(Not) Hanging structures Collection, Volume II
In our first volume of hanging structures we deepened in how mobiles can be used as a study of new techniques or as an element to give more verticality to our homes. But, in other cases mobiles don’t hang from the ceiling, they came up from the floor and play with the wind. It’s the case of “The wind’s toys”; the giant structures of César Manrique in the island of Lanzarote (Spain).
The toys of the wind are a recovery and renewal action of the old windmills of the island creating a conversation with the nature through the wind.
The work and the style of the author, present all around the island, is like a communion between the past and the present mixing the aesthetic currents of the 70’s and the 80’s with shining lime trees and dark volcanic rock. For the maintain the traditional aesthetic of the island, his constructions emerge in a fluid way through tunnels and caves created by the lava of the eruptions creating the landscape of Lanzarote.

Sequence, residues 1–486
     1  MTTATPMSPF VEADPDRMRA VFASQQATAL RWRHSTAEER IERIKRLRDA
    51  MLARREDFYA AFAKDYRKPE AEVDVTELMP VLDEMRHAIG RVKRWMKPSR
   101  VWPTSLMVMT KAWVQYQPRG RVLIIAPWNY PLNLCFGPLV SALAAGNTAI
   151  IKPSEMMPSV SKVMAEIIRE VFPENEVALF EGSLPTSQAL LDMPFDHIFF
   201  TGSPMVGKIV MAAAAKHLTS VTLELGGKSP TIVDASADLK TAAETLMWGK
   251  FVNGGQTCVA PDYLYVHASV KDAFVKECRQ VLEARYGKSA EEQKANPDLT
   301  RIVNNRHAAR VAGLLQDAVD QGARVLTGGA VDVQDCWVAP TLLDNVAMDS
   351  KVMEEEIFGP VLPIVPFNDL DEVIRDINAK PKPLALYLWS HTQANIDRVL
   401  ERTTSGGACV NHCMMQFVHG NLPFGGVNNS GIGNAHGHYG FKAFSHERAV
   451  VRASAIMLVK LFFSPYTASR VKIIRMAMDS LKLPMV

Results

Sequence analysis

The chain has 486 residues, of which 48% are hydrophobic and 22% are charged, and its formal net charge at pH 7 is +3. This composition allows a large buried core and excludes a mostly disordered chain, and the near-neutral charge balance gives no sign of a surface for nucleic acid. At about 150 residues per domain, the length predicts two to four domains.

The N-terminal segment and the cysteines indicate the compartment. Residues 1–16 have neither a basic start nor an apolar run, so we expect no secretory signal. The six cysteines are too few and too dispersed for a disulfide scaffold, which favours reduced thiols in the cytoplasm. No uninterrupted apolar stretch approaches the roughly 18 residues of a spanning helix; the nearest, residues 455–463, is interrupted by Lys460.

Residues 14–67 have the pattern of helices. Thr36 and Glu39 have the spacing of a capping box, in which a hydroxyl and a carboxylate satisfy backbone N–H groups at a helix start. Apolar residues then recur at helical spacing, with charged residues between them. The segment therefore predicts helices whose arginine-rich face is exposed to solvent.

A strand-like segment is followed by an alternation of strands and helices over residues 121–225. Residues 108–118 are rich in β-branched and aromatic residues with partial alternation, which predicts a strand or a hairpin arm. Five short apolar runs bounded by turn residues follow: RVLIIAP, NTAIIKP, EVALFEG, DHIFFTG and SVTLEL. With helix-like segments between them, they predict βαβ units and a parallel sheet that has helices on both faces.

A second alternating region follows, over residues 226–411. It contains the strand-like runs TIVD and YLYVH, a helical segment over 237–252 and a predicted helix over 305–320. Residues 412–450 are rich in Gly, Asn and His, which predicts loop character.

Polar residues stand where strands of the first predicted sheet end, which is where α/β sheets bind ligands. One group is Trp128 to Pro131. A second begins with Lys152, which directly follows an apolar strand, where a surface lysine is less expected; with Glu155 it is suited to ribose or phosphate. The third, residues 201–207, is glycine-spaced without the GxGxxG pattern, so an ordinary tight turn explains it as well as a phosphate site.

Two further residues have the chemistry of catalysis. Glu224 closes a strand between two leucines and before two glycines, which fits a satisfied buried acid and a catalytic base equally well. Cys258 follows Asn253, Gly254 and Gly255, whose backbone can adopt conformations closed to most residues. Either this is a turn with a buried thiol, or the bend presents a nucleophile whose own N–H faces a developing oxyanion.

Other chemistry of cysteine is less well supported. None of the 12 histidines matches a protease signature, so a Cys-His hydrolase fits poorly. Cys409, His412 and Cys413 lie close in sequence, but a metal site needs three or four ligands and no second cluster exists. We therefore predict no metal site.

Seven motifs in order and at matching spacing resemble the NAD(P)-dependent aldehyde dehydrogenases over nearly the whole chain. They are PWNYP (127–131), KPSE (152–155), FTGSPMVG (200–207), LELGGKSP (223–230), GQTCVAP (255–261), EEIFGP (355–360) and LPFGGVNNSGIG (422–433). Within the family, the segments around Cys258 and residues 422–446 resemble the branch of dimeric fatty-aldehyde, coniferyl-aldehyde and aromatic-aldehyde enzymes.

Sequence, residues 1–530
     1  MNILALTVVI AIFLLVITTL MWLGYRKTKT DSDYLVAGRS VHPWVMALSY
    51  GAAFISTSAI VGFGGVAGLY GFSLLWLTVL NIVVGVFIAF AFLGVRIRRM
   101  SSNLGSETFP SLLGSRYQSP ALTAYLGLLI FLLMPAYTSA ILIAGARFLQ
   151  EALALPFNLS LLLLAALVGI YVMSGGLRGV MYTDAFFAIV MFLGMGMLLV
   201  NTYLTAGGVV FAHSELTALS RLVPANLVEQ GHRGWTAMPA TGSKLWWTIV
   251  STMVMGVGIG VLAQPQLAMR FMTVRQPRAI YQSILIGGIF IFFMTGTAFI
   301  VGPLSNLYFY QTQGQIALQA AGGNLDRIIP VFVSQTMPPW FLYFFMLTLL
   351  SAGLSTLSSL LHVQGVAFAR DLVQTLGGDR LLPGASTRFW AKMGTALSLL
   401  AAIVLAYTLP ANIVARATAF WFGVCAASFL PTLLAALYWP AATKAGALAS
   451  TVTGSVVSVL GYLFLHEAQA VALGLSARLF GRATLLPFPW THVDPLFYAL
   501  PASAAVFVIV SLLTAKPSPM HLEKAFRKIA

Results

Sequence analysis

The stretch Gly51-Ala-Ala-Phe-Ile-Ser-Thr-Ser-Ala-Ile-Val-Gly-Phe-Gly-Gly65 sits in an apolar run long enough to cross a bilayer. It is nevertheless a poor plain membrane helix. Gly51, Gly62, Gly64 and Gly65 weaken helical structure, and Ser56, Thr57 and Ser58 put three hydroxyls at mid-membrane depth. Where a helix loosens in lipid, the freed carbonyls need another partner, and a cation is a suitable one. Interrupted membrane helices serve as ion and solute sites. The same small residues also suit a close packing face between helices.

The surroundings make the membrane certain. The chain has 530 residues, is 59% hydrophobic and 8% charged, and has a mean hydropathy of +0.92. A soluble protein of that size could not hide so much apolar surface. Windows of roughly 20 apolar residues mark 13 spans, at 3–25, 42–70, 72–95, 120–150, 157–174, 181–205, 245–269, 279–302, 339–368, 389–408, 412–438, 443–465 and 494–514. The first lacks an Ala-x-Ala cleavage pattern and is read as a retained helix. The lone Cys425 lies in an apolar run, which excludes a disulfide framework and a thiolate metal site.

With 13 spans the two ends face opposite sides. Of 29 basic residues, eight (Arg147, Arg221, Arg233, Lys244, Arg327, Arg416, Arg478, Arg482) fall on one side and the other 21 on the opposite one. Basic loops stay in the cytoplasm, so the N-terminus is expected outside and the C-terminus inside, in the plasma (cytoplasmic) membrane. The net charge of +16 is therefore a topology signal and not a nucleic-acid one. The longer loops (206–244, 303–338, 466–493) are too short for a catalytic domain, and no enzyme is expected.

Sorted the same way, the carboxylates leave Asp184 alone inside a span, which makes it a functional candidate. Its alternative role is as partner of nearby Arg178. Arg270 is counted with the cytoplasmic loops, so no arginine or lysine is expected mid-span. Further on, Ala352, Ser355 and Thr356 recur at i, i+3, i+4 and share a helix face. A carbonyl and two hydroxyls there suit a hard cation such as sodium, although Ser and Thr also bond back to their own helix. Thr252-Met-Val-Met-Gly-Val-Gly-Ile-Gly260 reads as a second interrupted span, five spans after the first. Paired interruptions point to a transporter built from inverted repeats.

The toys of the wind is a collection of solid, heavy and colored iron sculptures that moves in a subtle and ethereal way with the wind and warm air. The collection of the toys have a mix of forms and colors all inspired in the 70’s. Some of those are rounded and metallic rotating inside each other while others are angular and colorful rotating on its own axis. Manrique founds the balance of the pieces experimenting with weights and counterweights.
The designer imagined and built new forms of mobiles as a huge iron structures apparently heavy and rigid moving smoothly and adding a touch of color to the dark volcanic rock.
A daring and successful stake totally integrated into a brutal and natural landscape.